Cinco de Mayo may not be Mexico’s biggest party of the year, but it’s a popular day for honoring all things Mexican in the US. We’ll settle for celebrating with some margaritas and mariachi, but there are five things we’d rather be doing today—and we’ll raise our tequila shots to anyone who does.
Exploring Puebla, Mexico
Puebla is more than just the site of the Mexican victory in battle that’s commemorated with the Cinco de Mayo holiday—it’s an important cultural center, a lovely colonial city (“Everything about Puebla is lovely,” says gorboduc), and a UNESCO World Heritage site. As if the city’s myriad churches and markets won’t keep you busy enough, it’s a short drive to Cholula, home to one of the world’s largest pyramids.
Taking a Mexican cooking class
Our first-choice destination for this is, of course, Puebla, where gorboduc experienced a week of Mexican Culinary Magic at the Mesones Sacristia. After foraging in the markets for “griddles called comals, dried chilies, spices, and chocolate,” the newly minted chef learned to cook regional specialties like coconut flan and Mole Poblano. Further south, in Merida, goddessdemaya recommends enrolling in Los Dos Cooking School for 1-, 2-, or 3-day courses in Yucatan cooking. And SDCarol found the cuisines of Mexico closer to home, at the Santa Fe School of Cooking, on her Busy Weekend in the city.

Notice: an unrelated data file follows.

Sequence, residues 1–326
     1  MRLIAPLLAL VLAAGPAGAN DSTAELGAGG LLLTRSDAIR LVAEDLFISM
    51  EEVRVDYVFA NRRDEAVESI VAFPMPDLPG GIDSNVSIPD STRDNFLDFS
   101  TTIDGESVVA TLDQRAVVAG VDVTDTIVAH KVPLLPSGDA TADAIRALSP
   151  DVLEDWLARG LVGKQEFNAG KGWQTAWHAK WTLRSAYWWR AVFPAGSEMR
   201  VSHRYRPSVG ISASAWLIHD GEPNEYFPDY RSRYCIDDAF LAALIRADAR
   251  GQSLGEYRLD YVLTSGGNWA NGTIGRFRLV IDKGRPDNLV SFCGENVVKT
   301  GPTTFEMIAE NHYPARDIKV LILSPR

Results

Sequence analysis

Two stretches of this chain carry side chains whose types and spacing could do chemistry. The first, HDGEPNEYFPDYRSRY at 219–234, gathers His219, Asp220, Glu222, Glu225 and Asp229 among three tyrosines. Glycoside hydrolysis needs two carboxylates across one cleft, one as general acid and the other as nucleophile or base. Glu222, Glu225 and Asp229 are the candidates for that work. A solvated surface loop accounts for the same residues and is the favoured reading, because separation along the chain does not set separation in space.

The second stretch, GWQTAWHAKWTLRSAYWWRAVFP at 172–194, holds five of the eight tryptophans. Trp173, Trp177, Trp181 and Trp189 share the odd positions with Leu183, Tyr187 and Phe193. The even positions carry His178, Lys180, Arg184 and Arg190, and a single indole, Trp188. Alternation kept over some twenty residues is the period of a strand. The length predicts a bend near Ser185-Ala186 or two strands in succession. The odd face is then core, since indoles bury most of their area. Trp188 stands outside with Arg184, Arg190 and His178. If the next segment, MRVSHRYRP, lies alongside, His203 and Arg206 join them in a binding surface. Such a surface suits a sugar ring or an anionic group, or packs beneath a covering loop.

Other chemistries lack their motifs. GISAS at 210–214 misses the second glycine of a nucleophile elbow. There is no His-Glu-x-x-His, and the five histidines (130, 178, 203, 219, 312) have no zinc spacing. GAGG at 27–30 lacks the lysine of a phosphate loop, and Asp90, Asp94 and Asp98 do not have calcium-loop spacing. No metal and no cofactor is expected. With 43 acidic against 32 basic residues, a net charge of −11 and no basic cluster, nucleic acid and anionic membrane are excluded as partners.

Strolling in Las Cruces, New Mexico
Coronado Bob & Berie spent a Cinco de Mayo in Las Cruces, where they shopped in historic Mesilla, hiked the Organ Mountains, ate lots of chili, and watched the sun set over mesas. “The setting is perfect for a Cinco de Mayo festival,” they say, and Las Cruces complies with “a constant stream of mariachis and ballet folklorico dancers that entertain the milling crowds.”
Partying on Olvera St. in Los Angeles
By all accounts, LA’s oldest street is one of the best places in the US to spend the fifth of May. Awash in traditional Mexican goods and food every day of the year, “during the festival week of Cinco de Mayo, it hosts some of the most exuberant free street concerts you’ll ever witness,” according to jemery. Angeleno SFPhotocraft, whose “favorite times here are any of the Mexican feast days and holidays,” visits Olvera St. year-round for its fiesta atmosphere and hot churros.
Sunning ourselves in San Diego’s Old Town
By the looks of his Cinco de Mayo in Old Town snapshot, San Diego denizen Slapshot7 marks the holiday under sunny skies and gorgeous Mexican windsocks. The best part is that all aspects of San Diego’s celebration, from its battle reenactment to its culinary events, are free.